By Reed Fischer
By Anna Gulbrandsen
By Jeff Gage
By Stacy Schwartz
By Natalie Gallagher
By Erik Thompson
By Jeff Gage
By Loren Green
Songs for the Jet Set, Volume 2
"Come on and follow me through a dream," Tomorrow's World sing mellifluously on "Forgetting," one of the many highlights on the second volume of Songs for the Jet Set. And there could be no better way to underscore this lush pop compilation's invitation to enter a wondrous world. Both volumes of Songs for the Jet Set draw a map of the brain and heart of one Mike Alway, an eccentric British visionary best known for Èl, the short-lived but influential label he spearheaded in the mid-'80s. Èl released a motley assortment of records, including some early recordings by Scottish electro-cabaret experimenter Momus, a set of pop odes by a pair of posh London sisters called the Would-Be-Goods, and concept projects by former-child-star-turned-soundtrack-composer Simon Fisher Turner.
Alway's projects always managed to give off the impression of a perfectly thought-out, ultrastylized pop world. He may have been accused of putting out affected records, but somehow their self-conscious effeteness seemed more honest than most late-period punk posturings. After laying low in the early '90s, Alway has resurfaced to release Jet Set records that often sounded like the work of English public school refugees juxtaposing the orchestral majesty of Nelson Riddle's 1962 Lolita soundtrack with the psych-candy of the Strawberry Alarm Clock.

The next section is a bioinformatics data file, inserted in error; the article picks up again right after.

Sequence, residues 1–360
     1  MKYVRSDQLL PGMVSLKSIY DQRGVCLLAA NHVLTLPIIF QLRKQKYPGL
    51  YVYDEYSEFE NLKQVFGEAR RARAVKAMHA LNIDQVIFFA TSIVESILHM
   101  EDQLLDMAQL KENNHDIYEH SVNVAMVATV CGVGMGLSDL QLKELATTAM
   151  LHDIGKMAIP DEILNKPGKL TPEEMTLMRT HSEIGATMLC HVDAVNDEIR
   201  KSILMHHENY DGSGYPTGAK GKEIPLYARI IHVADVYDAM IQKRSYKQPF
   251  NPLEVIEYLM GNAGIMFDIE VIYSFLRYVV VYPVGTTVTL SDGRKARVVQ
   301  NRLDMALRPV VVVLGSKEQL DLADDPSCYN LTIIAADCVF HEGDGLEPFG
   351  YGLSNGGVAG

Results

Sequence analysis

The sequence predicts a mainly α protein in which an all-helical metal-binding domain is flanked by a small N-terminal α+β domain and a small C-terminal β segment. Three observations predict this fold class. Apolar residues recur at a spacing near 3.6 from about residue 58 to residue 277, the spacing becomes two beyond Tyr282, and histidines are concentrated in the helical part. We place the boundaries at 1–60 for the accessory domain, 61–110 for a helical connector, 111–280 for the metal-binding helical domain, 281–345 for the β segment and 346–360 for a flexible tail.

Though the songs on Jet Set's second volume come from various sources (among the album's originals are covers of tunes by Riddle, Quincy Jones, the Monkees, and the Alarm Clock), the compilation as a whole is more coherent than most single artists' albums. Colorful originals penned by Philippe Auclair (who produced the album under his nom de musique, Louis Philippe) coexist seamlessly with Kim & Co's cover of "Lolita Ya-Ya." Elsewhere impeccable bossa novas--leavened by girlish woo-woos, waa-waas, and pa-pa-pas--segue into mod-pop instrumentals. Simon Fisher Turner fronts Loveletter for a version of the Monkees' lovely "Forget That Girl," a coy, cautionary tale punctuated by retro organ riffs, while Momus indulges in "Surround Yourself With Milky," dedicated to his wife Shazna (the "Milky" of the title).
Perhaps as a preemptive strike against those with little patience for saccharin pop confections, the album ends with a song titled "F for Fake" by the provocatively named Wallpaper. But cynics be advised: When you go home from a stultifying job, assaulted by the crassness of everyday life, the escapism of Songs for the Jet Set will remind you that "F" can be for Fabulous, too.